We love crab cakes, but rarely get to enjoy them. We will only order crab cakes when we are in Maryland because Maryland knows from crab cakes. If you are at a restaurant that is not in Maryland and the menu says "Maryland style crab cakes" do not order them. Real Maryland crab cakes are made with lump crab meat, and lots of it. What is generally served in states Other-than-Maryland (OTM) is some kind of soggy cracker slab with essence of crab.
Phillip's restaurant makes a frozen prepared crab cake available in some grocery stores that is close enough to what we can get when we dine there that we can sometimes enjoy a taste of Maryland without having to travel there. We have also attempted to make crab cakes ourselves from scratch on a few occasions, but were never satisfied with the results. I decided to give homemade crab cakes another try, though, when I saw this recipe from Old Bay. Old Bay is as much a part of Maryland as are crab cakes themselves. And we recently discovered that our favorite fishmonger carries canned lump crab meat (although it is from China, not Maryland). These are really easy to make. Note that the recipe calls for one pound of lump crab meat, and that this ingredient dominates the others. It constitutes not just simply a plurality, but a clear majority of the ingredients.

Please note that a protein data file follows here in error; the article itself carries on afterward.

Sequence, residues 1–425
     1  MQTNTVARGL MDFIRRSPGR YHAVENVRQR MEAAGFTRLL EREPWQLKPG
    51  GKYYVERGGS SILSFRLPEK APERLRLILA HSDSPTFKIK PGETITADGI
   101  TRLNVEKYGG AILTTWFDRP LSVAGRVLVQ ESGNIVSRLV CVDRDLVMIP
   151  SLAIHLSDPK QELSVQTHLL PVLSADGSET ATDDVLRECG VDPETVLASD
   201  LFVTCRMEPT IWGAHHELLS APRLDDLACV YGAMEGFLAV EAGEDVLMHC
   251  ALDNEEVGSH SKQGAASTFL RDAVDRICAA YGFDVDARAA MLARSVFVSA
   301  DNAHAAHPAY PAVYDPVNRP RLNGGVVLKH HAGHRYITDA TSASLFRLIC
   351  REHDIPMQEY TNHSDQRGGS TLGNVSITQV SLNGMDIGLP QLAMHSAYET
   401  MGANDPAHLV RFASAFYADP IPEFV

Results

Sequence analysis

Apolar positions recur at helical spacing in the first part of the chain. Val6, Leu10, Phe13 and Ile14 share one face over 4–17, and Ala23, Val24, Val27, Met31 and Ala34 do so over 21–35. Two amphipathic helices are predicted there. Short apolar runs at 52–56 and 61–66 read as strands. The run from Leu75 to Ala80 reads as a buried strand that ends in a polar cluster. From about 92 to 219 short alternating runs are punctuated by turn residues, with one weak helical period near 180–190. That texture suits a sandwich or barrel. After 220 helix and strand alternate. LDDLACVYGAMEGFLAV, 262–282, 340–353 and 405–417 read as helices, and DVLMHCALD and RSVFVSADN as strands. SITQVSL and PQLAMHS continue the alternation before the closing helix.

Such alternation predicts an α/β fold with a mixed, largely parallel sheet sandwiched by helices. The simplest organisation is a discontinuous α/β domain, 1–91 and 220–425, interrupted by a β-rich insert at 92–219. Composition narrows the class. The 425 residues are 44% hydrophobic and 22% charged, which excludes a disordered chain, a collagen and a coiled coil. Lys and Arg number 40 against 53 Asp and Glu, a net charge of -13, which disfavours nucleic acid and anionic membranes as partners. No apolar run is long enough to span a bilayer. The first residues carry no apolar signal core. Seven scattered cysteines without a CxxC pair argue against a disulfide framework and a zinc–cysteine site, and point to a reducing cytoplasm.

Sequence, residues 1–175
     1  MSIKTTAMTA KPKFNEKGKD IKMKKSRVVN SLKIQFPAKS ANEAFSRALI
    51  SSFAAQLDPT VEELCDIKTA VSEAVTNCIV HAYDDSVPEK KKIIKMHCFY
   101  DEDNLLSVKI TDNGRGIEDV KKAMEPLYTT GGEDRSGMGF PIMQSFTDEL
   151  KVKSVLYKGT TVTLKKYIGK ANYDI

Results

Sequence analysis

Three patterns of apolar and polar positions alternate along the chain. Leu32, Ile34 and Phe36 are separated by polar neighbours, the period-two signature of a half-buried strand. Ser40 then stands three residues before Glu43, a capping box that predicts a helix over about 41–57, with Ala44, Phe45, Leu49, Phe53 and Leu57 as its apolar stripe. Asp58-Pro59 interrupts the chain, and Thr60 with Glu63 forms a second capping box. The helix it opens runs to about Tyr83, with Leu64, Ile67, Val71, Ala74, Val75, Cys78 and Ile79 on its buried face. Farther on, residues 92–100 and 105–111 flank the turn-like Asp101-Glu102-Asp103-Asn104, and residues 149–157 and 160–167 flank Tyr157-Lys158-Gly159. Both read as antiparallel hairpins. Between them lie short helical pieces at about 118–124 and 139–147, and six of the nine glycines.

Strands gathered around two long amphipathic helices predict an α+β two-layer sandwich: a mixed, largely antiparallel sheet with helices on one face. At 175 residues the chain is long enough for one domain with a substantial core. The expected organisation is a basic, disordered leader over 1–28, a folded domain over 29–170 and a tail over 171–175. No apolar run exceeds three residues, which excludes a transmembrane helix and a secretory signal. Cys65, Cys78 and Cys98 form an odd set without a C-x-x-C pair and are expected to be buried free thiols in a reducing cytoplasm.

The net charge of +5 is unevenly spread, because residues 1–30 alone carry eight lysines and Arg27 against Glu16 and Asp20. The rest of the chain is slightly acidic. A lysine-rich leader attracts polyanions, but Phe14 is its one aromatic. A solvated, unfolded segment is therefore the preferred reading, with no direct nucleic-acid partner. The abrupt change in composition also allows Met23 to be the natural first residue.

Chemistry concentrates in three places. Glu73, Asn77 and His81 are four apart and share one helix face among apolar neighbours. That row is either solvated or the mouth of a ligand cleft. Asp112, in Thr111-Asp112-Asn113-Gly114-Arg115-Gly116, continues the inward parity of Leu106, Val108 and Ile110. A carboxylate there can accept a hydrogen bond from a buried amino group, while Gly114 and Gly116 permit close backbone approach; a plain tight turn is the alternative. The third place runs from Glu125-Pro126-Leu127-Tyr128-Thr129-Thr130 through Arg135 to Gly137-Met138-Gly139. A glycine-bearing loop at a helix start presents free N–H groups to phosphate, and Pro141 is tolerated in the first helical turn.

The recipe makes four crab cakes and calls for either boiling or frying. I made two at a time. For the first meal I used the frying method, and broiled for the second batch a few days later. I had a definite preference for the broiling, and it was quicker (although neither method takes much time) However, both versions turned out a bit drier than I would have liked. More experimenting is in order.